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The chaos in the Middle East, explained in one (long) sentence

Syrian soldiers patrol the countryside of Deir Hafer, a former bastion of the Islamic State militant group, near the northern city of Aleppo on Wednesday. (George Ourfalian/AFP via Getty Images)

Lebanese blogger Karl Sharro is an international treasure; his Twitter feed, @KarlreMarks, is a seemingly endless font of satire and wit about the Middle East. Sharro's commentary has already been spotlighted in WorldViews on a number of occasions.

So it's worth flagging his latest offering, a tweet in which he presented this "simple" explanation for the rise of the Islamic State militant group in one very long sentence:

To be sure, the sentence could use some punctuation, but its convoluted, winding trail gets at the complex and tragic history that underlies the present moment. What follows is a brief guide into the key points of Sharro's analysis.

"...the failure of the postcolonial elites..."

The Arab nation-states that emerged in the wake of World War II and the retreat of European empires were not always doomed to fail, as some pundits (and the Islamic State itself) would have you believe. The failure of a host of nationalist elites to build genuinely inclusive and democratic societies hangs over a range of crises now dogging the region. It's tempting to point to the artificiality of these states — carved out by European powers after the fall of the Ottoman Empire — but that ignores the real histories of misrule.

"...external meddling, hegemony and outright military interventions..."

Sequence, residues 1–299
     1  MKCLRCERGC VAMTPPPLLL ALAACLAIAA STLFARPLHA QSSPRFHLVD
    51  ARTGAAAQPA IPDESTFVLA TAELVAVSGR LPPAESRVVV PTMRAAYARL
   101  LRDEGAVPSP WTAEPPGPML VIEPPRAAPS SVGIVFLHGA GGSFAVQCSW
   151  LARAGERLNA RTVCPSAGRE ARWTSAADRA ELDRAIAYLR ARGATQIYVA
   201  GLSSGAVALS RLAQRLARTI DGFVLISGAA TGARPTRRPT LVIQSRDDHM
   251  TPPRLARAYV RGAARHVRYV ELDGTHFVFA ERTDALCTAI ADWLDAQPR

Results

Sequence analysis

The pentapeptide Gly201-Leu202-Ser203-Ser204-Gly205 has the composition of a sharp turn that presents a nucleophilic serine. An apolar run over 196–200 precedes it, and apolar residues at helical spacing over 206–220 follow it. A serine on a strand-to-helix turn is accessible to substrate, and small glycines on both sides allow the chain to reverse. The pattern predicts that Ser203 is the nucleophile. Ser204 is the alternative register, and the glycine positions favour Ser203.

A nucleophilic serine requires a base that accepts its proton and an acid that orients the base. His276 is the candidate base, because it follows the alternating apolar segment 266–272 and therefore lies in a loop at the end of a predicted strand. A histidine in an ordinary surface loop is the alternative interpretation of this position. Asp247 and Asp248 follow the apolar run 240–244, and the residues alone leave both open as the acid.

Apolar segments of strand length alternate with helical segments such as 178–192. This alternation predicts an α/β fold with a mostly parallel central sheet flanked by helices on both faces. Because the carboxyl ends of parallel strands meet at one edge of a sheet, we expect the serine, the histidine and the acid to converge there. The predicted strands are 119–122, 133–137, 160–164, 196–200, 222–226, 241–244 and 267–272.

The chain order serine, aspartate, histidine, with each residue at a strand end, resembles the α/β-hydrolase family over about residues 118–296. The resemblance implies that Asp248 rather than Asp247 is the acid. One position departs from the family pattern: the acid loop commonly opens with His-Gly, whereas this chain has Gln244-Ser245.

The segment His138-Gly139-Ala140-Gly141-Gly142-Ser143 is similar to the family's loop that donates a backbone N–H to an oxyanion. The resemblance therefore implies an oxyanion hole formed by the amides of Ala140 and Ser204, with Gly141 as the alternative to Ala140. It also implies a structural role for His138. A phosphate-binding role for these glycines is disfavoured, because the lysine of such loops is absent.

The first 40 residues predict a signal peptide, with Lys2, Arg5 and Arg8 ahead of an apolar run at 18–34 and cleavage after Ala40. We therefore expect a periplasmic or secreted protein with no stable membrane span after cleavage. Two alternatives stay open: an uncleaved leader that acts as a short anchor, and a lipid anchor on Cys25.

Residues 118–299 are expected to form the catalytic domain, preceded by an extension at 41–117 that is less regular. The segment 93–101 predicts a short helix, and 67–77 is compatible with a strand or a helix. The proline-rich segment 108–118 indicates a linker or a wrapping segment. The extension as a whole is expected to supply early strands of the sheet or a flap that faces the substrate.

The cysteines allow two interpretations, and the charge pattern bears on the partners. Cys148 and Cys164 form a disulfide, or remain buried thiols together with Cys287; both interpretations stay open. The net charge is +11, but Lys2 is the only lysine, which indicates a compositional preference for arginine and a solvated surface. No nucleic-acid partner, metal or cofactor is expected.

This was exacerbated under the long shadow of the Cold War, and in the years that followed the collapse of the Soviet Union. The United States and its allies helped prop up a number of authoritarian regimes that played into their broader geopolitical agenda. Secularists and "progressives" were by and large co-opted by these regimes, leaving, as Sharro puts it, "a radical interpretation of religion as the only remaining ideological platform capable of mobilizing the disenfranchised."

The connection between Islamist militancy and narratives of anti-colonial "resistance" has a long history, dating to the 19th century, and grew deeper in the past half-century, particularly in reaction to the United States' heavy-handed foreign policy in the region.

"...the rise of identity..."

There's a tendency to cast the Sunni-Shiite sectarian strife of the present as an ancient, eternal struggle. But that flies in the face of history. These communities lived alongside each other for centuries, largely in peace. The especially virulent strains of fundamentalist violence we see now are the product of modern factors. For example, as Sharro notes, the dueling ambitions of rivals Iran (a theocratic Shiite state) and Saudi Arabia (a kingdom that embraces a certain Sunni orthodoxy) have fanned the flames of wider regional upheaval.

"...a perpetual state of chaos..."

The Syrian crisis has only been amplified by the "geo-politically incoherent" policies of a host of outside powers, including the United States, which, while calling for the fall of the regime of Syrian President Bashar al-Assad, has been unable to bring about Assad's exit from power.

Nothing has made the international community's ambivalence and confusion over Syria more conspicuous than the continued perfidy and atrocities of the Islamic State, which now can claim to attack targets as far away as the capital of France.

Extremist groups, as Sharro notes, can emerge and gain traction only in a context where nation-states are on the brink of collapse. In this moment of crisis, the Islamic State's vision of a "revivalist religious-political order" — no matter how brutal or ahistorical — has a real appeal.

Contrary to what some pundits in the West insist, Sharro does not harp on the Islam in the Islamic State, as if sheer religiosity alone would explain the group's ideology and success. As he shows in just one sentence, it's a lot more complicated than that.

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